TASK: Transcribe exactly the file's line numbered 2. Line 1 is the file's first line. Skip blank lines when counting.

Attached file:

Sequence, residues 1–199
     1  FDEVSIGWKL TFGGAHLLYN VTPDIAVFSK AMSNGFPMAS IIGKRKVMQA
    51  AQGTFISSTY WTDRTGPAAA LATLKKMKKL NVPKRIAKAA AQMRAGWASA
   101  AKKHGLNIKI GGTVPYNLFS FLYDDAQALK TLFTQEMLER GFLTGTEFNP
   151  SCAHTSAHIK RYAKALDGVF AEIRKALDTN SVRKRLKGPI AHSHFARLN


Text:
     1  FDEVSIGWKL TFGGAHLLYN VTPDIAVFSK AMSNGFPMAS IIGKRKVMQA